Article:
Hill: That is surprisingly little compared to the 36 % that the DAX lost from the beginning of the year until mid-March. Why do you think the shares have fallen so much?
Friedrich: Well, I was talking about two factors. In addition to corporate profits, interest rates play a major role in determining share valuations. The discounting of future cash flows is always more of an art than a science. It is common practice to divide the interest rate used into a risk-free component and a risk premium. And in a panic like the one we experienced in March, it is mainly the risk premium that is involved. It has just reached very high levels in the short term. With the bold intervention of the central banks and the truly broad-based fiscal policy initiatives, the risk premium then normalized from the third week of March onwards. In addition, the risk-free rate also dropped. In the USA, for example, 10-year treasuries are a full 1.3% lower than at the end of December, while 30-year treasuries are still 0.8% lower. Moreover, there are reasons to believe that the fall in interest rates could be semi-permanent.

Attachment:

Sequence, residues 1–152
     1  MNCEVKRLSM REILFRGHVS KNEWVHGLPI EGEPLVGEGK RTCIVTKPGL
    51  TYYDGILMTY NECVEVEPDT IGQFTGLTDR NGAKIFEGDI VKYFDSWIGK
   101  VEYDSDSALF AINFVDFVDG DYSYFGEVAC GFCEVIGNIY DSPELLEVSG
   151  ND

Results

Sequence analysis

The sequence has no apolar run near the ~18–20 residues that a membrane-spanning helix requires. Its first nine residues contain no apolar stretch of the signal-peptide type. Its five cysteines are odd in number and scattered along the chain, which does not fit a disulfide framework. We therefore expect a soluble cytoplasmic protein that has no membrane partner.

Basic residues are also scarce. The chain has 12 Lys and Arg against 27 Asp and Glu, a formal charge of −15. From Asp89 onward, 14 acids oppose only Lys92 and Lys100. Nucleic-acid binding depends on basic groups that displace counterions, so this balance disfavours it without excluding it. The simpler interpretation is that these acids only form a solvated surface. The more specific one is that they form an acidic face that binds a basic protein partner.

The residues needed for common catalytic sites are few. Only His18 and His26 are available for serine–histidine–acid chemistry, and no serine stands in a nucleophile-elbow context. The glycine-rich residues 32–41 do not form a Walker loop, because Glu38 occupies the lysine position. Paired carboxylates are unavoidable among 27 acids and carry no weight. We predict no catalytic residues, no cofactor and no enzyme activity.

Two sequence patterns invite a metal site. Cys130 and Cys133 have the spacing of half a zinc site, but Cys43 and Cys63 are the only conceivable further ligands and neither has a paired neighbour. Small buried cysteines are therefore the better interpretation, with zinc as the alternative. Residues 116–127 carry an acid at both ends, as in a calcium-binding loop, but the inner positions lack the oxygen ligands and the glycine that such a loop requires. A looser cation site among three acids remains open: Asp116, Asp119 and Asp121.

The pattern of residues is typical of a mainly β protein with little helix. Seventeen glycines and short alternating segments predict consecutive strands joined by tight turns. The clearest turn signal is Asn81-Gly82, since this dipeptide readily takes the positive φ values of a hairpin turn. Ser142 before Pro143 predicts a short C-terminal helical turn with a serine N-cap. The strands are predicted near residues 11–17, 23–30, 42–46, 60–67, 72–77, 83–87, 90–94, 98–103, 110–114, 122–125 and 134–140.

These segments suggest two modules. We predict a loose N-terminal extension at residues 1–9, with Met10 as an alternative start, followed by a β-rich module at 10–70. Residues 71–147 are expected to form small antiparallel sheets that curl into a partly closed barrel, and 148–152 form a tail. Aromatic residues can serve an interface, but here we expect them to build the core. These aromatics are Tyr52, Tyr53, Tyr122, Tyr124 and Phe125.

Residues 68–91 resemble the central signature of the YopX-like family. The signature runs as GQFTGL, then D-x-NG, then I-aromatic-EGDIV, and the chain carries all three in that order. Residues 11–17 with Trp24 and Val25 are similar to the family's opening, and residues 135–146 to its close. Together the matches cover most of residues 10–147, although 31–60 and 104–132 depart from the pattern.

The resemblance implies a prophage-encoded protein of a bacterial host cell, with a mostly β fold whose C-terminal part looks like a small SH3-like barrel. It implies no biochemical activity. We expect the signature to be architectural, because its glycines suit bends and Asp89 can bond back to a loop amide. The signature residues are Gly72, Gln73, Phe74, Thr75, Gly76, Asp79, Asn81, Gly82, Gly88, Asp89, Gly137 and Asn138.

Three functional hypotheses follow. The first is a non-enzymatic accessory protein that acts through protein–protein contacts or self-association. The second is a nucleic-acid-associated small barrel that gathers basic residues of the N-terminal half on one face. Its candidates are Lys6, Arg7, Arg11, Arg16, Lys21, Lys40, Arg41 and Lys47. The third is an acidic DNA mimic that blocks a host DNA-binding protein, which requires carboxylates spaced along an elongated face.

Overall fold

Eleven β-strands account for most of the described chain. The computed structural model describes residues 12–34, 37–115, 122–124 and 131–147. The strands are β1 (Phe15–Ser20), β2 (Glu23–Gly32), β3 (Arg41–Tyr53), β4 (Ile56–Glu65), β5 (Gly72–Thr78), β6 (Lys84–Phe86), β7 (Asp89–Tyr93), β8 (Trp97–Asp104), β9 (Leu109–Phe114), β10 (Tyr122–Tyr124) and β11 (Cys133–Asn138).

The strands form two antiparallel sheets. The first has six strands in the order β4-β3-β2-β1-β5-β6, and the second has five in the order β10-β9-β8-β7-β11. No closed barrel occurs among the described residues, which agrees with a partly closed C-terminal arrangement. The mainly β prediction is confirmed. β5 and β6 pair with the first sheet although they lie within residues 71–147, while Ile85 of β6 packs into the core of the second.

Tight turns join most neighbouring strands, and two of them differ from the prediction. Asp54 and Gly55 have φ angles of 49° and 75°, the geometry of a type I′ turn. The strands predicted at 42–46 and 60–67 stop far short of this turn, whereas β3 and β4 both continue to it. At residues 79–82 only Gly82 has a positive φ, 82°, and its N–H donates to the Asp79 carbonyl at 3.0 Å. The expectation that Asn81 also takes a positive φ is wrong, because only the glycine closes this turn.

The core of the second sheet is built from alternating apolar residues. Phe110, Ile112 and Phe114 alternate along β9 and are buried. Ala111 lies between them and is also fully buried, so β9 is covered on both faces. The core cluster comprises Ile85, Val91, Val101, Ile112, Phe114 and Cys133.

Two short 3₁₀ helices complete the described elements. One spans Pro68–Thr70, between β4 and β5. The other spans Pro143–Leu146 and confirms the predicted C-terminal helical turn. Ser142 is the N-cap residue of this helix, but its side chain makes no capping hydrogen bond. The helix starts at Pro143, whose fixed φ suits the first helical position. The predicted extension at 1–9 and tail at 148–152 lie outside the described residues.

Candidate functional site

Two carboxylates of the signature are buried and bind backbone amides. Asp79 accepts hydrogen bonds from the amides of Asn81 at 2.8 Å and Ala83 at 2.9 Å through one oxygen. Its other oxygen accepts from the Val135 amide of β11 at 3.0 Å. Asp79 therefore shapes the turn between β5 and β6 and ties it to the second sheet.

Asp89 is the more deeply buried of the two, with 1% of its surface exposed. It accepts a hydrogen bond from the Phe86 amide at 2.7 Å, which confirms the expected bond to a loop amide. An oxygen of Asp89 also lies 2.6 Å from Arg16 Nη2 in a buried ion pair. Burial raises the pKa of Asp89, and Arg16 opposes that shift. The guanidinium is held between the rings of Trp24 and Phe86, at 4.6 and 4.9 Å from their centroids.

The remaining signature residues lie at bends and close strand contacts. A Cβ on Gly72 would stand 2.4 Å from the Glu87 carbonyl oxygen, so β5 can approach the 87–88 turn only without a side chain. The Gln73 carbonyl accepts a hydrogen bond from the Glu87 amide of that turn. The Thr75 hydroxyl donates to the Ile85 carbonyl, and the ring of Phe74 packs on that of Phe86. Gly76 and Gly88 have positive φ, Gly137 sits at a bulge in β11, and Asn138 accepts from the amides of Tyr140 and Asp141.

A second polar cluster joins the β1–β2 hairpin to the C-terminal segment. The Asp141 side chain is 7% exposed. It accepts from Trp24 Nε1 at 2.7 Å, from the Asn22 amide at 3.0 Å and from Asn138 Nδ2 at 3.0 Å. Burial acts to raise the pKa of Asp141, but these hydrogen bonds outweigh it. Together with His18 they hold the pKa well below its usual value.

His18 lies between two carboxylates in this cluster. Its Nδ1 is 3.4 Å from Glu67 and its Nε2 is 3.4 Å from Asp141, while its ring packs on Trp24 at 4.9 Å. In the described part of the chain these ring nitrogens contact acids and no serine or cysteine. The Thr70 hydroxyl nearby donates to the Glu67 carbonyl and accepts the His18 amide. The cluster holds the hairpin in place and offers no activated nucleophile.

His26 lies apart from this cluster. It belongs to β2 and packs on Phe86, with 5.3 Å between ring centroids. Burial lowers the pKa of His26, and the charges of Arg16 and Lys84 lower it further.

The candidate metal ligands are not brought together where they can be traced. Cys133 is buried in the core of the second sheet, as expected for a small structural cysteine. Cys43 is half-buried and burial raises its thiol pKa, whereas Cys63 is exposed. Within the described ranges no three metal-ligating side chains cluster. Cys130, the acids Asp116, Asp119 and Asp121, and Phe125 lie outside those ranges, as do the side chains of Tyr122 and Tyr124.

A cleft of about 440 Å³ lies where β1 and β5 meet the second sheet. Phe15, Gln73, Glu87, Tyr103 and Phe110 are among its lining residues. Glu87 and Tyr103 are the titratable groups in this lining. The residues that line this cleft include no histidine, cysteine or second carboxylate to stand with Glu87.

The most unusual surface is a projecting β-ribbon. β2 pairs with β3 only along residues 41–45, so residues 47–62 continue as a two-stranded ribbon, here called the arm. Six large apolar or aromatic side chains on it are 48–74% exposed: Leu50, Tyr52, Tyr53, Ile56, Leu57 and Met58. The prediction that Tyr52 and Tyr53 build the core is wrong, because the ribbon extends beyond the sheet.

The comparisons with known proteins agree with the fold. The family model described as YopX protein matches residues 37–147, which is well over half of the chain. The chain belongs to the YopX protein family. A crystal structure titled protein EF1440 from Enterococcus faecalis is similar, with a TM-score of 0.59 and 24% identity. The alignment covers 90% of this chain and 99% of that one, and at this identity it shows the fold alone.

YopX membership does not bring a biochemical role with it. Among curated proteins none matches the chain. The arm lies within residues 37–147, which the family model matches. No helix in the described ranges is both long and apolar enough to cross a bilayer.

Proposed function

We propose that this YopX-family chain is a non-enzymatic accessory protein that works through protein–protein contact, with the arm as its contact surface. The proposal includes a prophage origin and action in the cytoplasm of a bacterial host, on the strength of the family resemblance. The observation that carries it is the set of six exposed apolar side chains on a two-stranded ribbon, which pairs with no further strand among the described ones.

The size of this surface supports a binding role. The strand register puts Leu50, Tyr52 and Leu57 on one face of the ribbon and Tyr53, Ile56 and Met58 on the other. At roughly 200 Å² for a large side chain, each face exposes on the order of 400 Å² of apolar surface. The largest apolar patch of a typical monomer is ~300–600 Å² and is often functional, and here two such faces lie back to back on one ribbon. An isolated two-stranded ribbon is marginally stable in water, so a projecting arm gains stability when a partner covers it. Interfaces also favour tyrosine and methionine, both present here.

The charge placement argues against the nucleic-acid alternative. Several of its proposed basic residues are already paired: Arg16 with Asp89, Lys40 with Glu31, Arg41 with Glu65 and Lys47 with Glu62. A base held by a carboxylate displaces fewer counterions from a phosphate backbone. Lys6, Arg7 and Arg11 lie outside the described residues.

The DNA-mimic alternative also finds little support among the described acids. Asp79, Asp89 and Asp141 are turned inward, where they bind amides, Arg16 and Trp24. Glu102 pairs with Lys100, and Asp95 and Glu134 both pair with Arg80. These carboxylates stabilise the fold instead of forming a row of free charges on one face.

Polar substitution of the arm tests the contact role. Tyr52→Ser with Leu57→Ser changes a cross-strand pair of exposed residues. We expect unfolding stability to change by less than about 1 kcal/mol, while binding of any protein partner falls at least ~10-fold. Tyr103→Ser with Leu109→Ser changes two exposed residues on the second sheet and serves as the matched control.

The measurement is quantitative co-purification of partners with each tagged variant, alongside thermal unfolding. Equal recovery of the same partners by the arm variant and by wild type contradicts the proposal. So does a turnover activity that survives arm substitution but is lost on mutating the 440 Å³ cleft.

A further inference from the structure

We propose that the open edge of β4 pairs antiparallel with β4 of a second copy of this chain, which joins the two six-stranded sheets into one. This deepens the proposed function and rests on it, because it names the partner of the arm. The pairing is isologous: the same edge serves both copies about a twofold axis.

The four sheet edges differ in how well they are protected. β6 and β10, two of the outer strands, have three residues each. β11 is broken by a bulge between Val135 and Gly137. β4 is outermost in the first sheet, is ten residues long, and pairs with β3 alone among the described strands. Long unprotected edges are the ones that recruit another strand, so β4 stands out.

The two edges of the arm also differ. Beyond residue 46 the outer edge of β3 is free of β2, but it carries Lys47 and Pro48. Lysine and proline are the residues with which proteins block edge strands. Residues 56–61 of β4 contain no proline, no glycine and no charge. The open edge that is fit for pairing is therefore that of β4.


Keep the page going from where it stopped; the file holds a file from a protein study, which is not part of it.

Hill: Interesting, but if the risk premium can change so suddenly, don’t we have to assume that it will rise again? Given the rising number of cases, isn’t the next stock market crash inevitable?
Friedrich: Not necessarily. Of course, it would be crazy to rule out a correction. You can never do that. Nevertheless, I believe that we will not see the lows of March again. A correction of 5 – 10 % would probably even be an opportunity to buy shares. Why? It has a bit to do with psychology and, of course, with our understanding of the capital markets.
First of all, psychology: we humans get used to new situations, and the more we learn about the virus, the more it loses its terror. Surely, everyone has seen a horror movie: the monster is always the most frightening one second before it appears for the first time! With that in mind, even if case numbers rise and hospitals fill up again, we need to differentiate between the economic influence of the virus itself and fear of the virus. And it is fear that has by far the greater leverage – on consumer behaviour as a direct fundamental factor, but also on the risk premium as it relates to stock price valuation!